Auditor will analyze land deal with Rouse

January 27, 1995|By Adam Sachs | Adam Sachs,Sun Staff Writer

The Columbia Council last night agreed to hire an independent auditor to analyze the costs and benefits of a proposed $1.4 million recreational vehicle storage park -- a land deal involving the Rouse Co. that has raised concern over demand for the park, its price tag and risks from adjacent hazardous waste dumps.

Councilman Michael Rethman said the audit -- for which the council allocated a maximum of $5,000 -- is a good idea because the arrangement negotiated with Rouse is "on the surface, a confusing deal." He noted that an independent analysis of the Columbia Association's (CA) expense and revenue estimates could help bolster public support for the project.

"We're seeing the democratic process at work," said Mr. Rethman, the Hickory Ridge village representative. "We're going spend a bunch of tax dollars to hopefully show that the deal works. If it doesn't, we can congratulate ourselves and walk away."

The council, which is CA's board of directors, has proposed buying about 5 acres in the former General Electric manufacturing park off Snowden River Parkway in East Columbia from Rouse for $1 million. The association would spend $400,000 to develop the parking area, a project intended to help residents comply with property guidelines that restrict parking of recreational vehicles on residential lots.

Columbia village covenant advisers say violations of that guideline are a major problem.

In exchange, Rouse would place two properties now excluded from CA's annual levy -- the 55-acre Snowden Square retail center and a 54-acre parcel planned for about 650 housing units -- under the charge. Within several years, those properties are expected to produce $350,000 annually for CA in assessment revenue.

Some council members say the deal is a financial bonanza for the association, generating significantly more revenue than it would cost to run the recreational vehicle park and provide Snowden Square and the future residential development with services.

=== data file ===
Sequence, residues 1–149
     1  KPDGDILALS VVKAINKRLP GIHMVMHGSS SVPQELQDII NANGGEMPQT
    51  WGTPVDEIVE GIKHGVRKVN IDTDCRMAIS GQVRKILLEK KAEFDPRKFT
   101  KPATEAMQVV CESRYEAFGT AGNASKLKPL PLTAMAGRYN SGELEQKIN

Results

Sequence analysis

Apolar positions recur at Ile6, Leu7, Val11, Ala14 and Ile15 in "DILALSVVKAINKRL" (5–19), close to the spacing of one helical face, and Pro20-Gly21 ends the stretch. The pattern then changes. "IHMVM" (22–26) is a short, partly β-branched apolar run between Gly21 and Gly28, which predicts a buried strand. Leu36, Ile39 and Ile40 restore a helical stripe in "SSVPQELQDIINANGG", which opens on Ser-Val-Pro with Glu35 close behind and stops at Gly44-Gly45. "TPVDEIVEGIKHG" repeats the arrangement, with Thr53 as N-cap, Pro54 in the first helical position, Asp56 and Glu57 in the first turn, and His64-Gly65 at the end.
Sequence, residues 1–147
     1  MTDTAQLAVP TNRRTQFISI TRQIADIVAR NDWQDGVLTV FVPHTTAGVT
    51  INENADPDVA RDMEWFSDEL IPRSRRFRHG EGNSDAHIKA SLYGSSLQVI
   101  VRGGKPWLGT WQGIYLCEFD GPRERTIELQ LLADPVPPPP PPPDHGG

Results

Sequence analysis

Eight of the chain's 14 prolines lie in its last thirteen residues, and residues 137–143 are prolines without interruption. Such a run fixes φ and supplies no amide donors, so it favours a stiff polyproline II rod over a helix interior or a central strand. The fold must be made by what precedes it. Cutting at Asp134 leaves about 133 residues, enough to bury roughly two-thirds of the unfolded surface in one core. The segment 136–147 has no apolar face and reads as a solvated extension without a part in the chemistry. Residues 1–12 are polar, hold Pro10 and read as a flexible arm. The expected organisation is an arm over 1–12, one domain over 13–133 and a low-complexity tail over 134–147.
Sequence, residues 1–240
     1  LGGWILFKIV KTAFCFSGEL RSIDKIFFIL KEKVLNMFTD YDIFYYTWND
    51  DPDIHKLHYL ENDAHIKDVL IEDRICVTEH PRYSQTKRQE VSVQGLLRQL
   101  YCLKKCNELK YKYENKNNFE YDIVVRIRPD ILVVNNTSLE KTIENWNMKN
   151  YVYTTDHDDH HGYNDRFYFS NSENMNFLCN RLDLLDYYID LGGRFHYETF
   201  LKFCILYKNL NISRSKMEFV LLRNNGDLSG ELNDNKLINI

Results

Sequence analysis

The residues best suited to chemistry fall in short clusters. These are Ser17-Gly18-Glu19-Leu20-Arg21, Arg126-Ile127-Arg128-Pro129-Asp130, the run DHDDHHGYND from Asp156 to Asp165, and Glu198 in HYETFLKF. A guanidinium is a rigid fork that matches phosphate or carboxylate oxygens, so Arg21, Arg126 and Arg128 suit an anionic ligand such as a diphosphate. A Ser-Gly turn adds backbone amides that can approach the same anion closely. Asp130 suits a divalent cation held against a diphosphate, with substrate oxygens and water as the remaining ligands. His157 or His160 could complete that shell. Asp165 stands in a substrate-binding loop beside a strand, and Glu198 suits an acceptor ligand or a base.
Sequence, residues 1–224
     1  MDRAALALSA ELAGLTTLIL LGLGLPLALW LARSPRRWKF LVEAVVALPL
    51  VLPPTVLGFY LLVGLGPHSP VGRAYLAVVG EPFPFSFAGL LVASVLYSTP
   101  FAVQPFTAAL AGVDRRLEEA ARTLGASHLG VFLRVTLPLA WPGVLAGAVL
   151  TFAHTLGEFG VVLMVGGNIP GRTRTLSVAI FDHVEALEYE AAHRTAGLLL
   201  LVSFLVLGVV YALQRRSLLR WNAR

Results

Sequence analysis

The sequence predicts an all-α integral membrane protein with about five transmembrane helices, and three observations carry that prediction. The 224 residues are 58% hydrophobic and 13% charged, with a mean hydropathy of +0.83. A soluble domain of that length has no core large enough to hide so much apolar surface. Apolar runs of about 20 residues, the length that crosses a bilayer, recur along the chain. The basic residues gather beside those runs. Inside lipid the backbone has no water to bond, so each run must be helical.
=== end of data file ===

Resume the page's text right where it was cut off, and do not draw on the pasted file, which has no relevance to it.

"With the revenue stream, it's a moneymaker, pure and simple," said council Vice Chairman David W. Berson, adding that the deal would be profitable for CA even if the nonprofit organization bought the land and let it sit idle.

CA's finance director, Robert Krawczak, said it would be nearly impossible to find a cheaper deal anywhere, considering the additional revenue CA will receive even if the facility merely breaks even.

To improve the deal, "We would need to find someone to give us the land plus money," he said. "In a sense, the land is free.

But several residents questioned the plan last night, asking whether sufficient demand for the RV parking has been demonstrated, whether alternative, less expensive sites were adequately considered and why the association plans to buy twice the amount of land it needs.

Myles Larkin asked whether CA is "taking a problem property off" Rouse's hands. He also questioned why Rouse wouldn't place the Columbia-area properties under the CA levy without making it conditional on a land purchase, saying it seemed that CA was being "held hostage" by potential assessment revenue.

Controversy has dogged the project since it was announced last month as part of CA's proposed $6 million 1995-1996 capital budget, after several months of private negotiations with Rouse. Among the issues raised:

* At a price of about $200,000 an acre, Rouse is overcharging CA for the land, critics say. The council hasn't ordered an appraisal, saying other aspects of the deal might outweigh the need for one.

The state tax appraisal of the 168-acre parcel that contains the proposed 5-acre recreational vehicle site shows that the entire property is valued at about $28,000 an acre.

The whole area contains "encumbrances" -- such as soil and water contamination sites from manufacturing processes, utility easements and an industrial water treatment plant -- which lower its value from the more typical $130,000 per acre for industrial land in Columbia, said Howard Levenson, supervisor of the Howard County assessments office.

A Rouse Co. senior vice president, Alton J. Scavo, contends that the state appraisal falls far short of reflecting the market value of the 5-acre site. The appraisal factors in undevelopable land, and doesn't consider improvements Rouse would provide, such as roads, water and sewer. He says Rouse-owned raw industrial land in Columbia carries a $200,000 price tag.

* The risk that contamination from hazardous waste dumps could spread, affecting neighboring property. CA officials say the deal is contingent upon an environmental assessment.

* Demand for RV parking may be lower than anticipated. Initial estimates indicate that 140 vehicle owners would use the lot, with projections indicating demand would double to 280 in about five years. Critics say all of Columbia residents shouldn't be forced to subsidize a facility with potentially well-below-market fees for a small number of users.

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